Which way for simplifying Nonlinear Dynamics at the “Edge” ?Thursday, October 27th, 2011 by Antonio Manzalini
Yesterday I’ve made a talk at ITU Telecom World 2011 on challenges and opportunities of future networks: in particular, I’ve focused the discussion on the “edge”. Technology advances and the related cost reductions are paving the way to a wider and wider embedding of communications, storage and processing powers inside any network nodes, machines, smart things and any Consumers’ electronics devices.
Then we can argue that future networks, more specifically at the edge, will interconnect a huge number of real and virtual entities providing the Users with any services by using local processing and storage resources.
The thesis I’ve put forward during the talk has been that this future growing complexity of edge networks will require looking at them with the mathematical instruments of nonlinear dynamics. Traditional approaches will be no longer applicable.
Nonlinear dynamics is the theory of nonlinear systems and processes, those where the “result” is not proportional to the “cause”. It includes theory of deterministic chaos (which doesn’t mean random disorder). Chaotic systems behave like there were stochastic but in fact they are deterministic: they show predictability in a short-time-scale but non-predictability in a long-time scale due to extremely high sensitivity to initial conditions and to system’s parameters.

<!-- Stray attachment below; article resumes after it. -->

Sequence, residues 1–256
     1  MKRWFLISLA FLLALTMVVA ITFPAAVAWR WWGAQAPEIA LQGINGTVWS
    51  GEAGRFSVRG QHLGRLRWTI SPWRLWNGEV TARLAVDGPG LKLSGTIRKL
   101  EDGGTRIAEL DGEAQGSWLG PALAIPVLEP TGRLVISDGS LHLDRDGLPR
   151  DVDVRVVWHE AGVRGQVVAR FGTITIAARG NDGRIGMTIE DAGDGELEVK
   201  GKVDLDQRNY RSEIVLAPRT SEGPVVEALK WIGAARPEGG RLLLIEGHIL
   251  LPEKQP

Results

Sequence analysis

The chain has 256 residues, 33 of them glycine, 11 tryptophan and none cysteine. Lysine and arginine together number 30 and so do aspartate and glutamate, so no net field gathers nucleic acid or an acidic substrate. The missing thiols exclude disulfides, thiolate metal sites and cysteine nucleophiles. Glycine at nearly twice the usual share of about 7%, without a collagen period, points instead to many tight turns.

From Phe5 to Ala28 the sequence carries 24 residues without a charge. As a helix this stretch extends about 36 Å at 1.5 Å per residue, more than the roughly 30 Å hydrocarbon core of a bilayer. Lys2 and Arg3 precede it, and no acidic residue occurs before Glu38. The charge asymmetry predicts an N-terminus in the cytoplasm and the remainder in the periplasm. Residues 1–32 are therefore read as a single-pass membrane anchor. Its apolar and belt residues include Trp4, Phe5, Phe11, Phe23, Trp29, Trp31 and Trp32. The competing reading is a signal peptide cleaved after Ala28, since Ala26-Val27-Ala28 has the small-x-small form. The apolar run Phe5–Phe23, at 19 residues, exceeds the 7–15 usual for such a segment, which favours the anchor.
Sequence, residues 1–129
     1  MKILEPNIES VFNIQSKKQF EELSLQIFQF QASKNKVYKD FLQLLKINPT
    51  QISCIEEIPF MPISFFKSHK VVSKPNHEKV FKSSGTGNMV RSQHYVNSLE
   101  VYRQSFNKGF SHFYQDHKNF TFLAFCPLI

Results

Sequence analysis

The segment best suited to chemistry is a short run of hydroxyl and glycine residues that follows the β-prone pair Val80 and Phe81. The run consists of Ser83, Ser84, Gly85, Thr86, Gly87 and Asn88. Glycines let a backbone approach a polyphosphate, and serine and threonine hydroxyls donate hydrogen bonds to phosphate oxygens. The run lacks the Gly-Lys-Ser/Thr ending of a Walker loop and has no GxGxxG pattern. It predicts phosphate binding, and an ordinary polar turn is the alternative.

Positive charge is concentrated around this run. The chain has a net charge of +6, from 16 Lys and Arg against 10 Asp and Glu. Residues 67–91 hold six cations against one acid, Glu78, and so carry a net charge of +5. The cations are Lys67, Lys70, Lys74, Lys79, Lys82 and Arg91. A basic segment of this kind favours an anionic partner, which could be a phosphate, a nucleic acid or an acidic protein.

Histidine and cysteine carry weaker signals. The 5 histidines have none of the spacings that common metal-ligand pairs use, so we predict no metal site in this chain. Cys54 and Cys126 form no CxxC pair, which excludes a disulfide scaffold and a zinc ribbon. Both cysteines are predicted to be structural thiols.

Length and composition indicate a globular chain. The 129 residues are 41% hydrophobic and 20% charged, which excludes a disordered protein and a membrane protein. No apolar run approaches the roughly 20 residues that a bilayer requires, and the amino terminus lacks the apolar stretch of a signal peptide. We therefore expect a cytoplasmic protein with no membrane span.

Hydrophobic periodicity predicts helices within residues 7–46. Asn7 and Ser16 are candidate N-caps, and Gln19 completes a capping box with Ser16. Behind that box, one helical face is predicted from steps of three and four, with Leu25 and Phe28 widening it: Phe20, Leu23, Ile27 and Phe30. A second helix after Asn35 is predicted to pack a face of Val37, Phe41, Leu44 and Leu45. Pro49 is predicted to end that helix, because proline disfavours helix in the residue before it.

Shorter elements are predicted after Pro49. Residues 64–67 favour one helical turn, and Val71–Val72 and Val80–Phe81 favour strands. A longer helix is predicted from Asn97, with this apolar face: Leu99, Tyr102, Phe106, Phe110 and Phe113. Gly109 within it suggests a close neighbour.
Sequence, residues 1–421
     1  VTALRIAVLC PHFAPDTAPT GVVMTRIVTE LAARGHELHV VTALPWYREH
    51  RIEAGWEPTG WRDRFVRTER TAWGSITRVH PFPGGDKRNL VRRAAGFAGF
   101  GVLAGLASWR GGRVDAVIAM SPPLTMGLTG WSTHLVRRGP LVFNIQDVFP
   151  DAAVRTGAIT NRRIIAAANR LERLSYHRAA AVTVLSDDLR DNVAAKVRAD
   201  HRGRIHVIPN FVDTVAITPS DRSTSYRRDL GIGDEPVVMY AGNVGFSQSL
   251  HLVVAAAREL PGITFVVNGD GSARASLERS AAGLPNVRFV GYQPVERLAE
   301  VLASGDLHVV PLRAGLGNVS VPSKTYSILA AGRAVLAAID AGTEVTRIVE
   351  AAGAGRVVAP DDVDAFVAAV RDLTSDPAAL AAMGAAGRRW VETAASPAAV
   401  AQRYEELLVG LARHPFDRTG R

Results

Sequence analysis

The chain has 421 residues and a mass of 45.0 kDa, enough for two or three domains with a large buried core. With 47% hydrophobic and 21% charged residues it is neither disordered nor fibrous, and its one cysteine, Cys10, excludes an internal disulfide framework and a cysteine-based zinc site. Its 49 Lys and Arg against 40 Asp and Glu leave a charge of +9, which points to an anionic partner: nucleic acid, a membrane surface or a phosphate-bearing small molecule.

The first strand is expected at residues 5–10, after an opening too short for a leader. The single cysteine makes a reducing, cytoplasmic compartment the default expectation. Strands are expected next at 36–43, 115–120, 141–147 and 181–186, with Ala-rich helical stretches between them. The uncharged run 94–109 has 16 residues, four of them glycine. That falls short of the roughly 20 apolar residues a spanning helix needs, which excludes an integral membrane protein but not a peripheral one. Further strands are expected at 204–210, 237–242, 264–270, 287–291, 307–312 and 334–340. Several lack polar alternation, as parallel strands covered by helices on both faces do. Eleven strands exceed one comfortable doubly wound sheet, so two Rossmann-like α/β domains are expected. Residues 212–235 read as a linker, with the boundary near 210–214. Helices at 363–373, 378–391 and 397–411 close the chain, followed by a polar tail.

So, I’ve argued that the myriad of real-virtual entities interacting with each other at the edge will behave like a chaotic system, a sort of dynamical game where rules will change dynamically. The challenge is modelling the related dynamics (beyond Nash equilibria) and mastering said complexity to extract value.
Overall the vision has been well received and it has created an interesting debate; one of the most interesting questions I’ve got has been: how can we really apply nonlinear dynamics (which has per se a rather complicated mathematics) to such a complex environment as future edge networks, where there will be millions of nodes? I’ve replied that, obviously, I don’t have an answer today, but I a relatively strong feeling, which follows.
In physics state of a system in a given moment of time is characterized by values of state variables (i.e. data). The minimum number of independent state variables that are necessary to characterize the system’s state is called the number of degrees of freedom: if a system has n degrees of freedom then any state of the system may be characterized by a point in an n-dimensional space (with appropriately defined coordinates) called the system’s phase space. Attractor is a subset of the system’s phase space that attracts trajectories (i.e. the system tends towards the states that belong to some attractor).
The behaviour of a local network (or recursively a node), like a nonlinear systems that change with time, is dominated by a relatively small number of “attractors”, which correspond to activity patterns (i.e. eventually sets of data). So let’s abstract said behaviour of a local network with the attractors. Then, let’s suppose that these local networks communicate with each others by means of multiple connections, that is, by activity patterns (i.e. sets of data). Let’s abstract also this: the degree of influence that the state of one local network would have on the state of other ones would be given by a “multi-dimensional matrix” coupling attractor states.
Turn nonlinear complexity into interactions of attractors and you’ll get a simpler picture. What if we push this approach even up to getting User’s behaviours in terms of attractors ? I think that for a Telecom Operator it’s better knowing the anonymous Users’ attractors rather than the termination attached to them.
We are staying in contact with the guys that I met at the conference to make a toy model and some simulations.
I’ll keep you posted.